rates in minocycline/rifampin vs. chlorhexidine/silver sulfadiazine-impregnated
central venous catheters - results of a 46 month study. Crit Care Med. 2008;36(12)
(suppl):A199-A208. Abstract 454.
8. Schuerer D, Zack JE, Thomas J, et al. Effect of chlorhexidine/silver sulfadiazine-impregnated central venous catheters in an intensive care unit with a low blood stream
infection rate after implementation of an educational program: a before-after trial. Surg
Infect (Larchmt). 2007;8(4):445-454.
9. Ramos E, Jiang Y, Hachem R, et al. Is the prolonged use of minocycline/rifampin coated
catheters (M/R CVC) associated with increased resistance: a seven year experience in a
tertiary cancer center. Paper presented at: SHEA 18th Annual Scientific Meeting; April
5-8, 2008; Orlando, FL.
10. Brooks K, Dauenhauer S, Nelson M. Comparison of an untreated vs. silver/chlorhexidine
vs. rifampin/minocycline central venous catheter in reducing catheter-related bloodstream
infections. Abstract presented at: APIC 28th Annual Educational Conference and
International Meeting; June 10-14, 2001; Seattle, WA.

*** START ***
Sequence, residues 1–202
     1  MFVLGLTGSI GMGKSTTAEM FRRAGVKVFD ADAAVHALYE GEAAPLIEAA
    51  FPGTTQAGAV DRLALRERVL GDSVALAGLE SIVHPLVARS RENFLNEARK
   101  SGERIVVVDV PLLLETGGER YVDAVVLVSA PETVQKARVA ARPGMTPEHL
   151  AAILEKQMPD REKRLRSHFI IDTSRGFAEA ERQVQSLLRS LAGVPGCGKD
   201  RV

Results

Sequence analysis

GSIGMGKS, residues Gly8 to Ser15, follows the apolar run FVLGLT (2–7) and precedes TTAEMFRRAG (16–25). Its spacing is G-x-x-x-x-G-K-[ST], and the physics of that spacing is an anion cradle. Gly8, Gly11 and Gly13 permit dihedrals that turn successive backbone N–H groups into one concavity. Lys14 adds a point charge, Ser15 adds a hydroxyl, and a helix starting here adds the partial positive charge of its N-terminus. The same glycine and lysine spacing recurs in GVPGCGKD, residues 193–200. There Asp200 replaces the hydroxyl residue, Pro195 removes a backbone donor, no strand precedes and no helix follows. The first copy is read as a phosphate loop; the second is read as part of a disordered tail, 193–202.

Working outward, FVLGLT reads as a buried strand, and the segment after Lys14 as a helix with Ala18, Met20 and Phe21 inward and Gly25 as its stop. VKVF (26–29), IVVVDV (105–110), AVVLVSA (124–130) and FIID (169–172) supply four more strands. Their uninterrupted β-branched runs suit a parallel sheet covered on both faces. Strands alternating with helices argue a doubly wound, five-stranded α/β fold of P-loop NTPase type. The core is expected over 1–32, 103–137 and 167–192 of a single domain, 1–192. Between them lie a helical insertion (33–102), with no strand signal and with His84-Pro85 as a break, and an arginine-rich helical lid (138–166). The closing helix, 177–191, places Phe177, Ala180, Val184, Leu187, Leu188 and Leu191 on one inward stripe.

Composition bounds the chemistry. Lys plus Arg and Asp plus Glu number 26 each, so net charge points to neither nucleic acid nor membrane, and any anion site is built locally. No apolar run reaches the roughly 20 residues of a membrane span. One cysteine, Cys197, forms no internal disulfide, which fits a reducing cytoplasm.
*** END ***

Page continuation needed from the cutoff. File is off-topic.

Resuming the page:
11. Ramos ER, Jiang Y, Hachem R, et al. The risk of emerging resistance associated with prolonged use of antibiotic coated catheters: a seven year experience and > 0.5
million catheter days. Poster presented at: Society for Healthcare Epidemiology of
America (SHEA) 18th Annual Scientific Meeting; April 5-8, 2008; Orlando, FL.
Dr. Raad is the co-inventor of the synergistic pairing of the antibiotics minocycline and rifampin that are impregnated within the catheter material of the Cook Spectrum®
catheter. His institution receives a royalty payment based upon Cook’s license to use this patented technology.
COOK MEDICAL INCORPORATED
P.O. Box 4195, Bloomington, IN 47402-4195 U.S.A.
Phone: 812.339.2235, Toll Free: 800.457.4500, Toll Free Fax: 800.554.8335
COOK (CANADA) INC.
111 Sandiford Drive, Stouffville, Ontario, L4A 7X5 CANADA
Phone: 905.640.7110, Toll Free: 800.668.0300
www.cookmedical.com
WILLIAM A. COOK AUSTRALIA PTY. LTD.
95 Brandl Street, Brisbane Technology Park, Eight Mile Plains
Brisbane, QLD 4113 AUSTRALIA, Phone: +61 7 3841 1188
WILLIAM COOK EUROPE ApS
Sandet 6, DK-4632, Bjaeverskov, DENMARK, Phone: +45 56 86 86 86
AO RT I C
I N T E RV E N T I O N
C R I T I CA L
CA R E
ENDOSCOPY
© COOK 2010
CC-BE-ABRMRR-EN-201005
INTERVENTIONAL
RADIOLOGY
LEAD
MANAGEMENT
PERIPHERAL
INTERVENTION
SU RG ERY
UR O LO GY
WOM EN ’ S
H E ALT H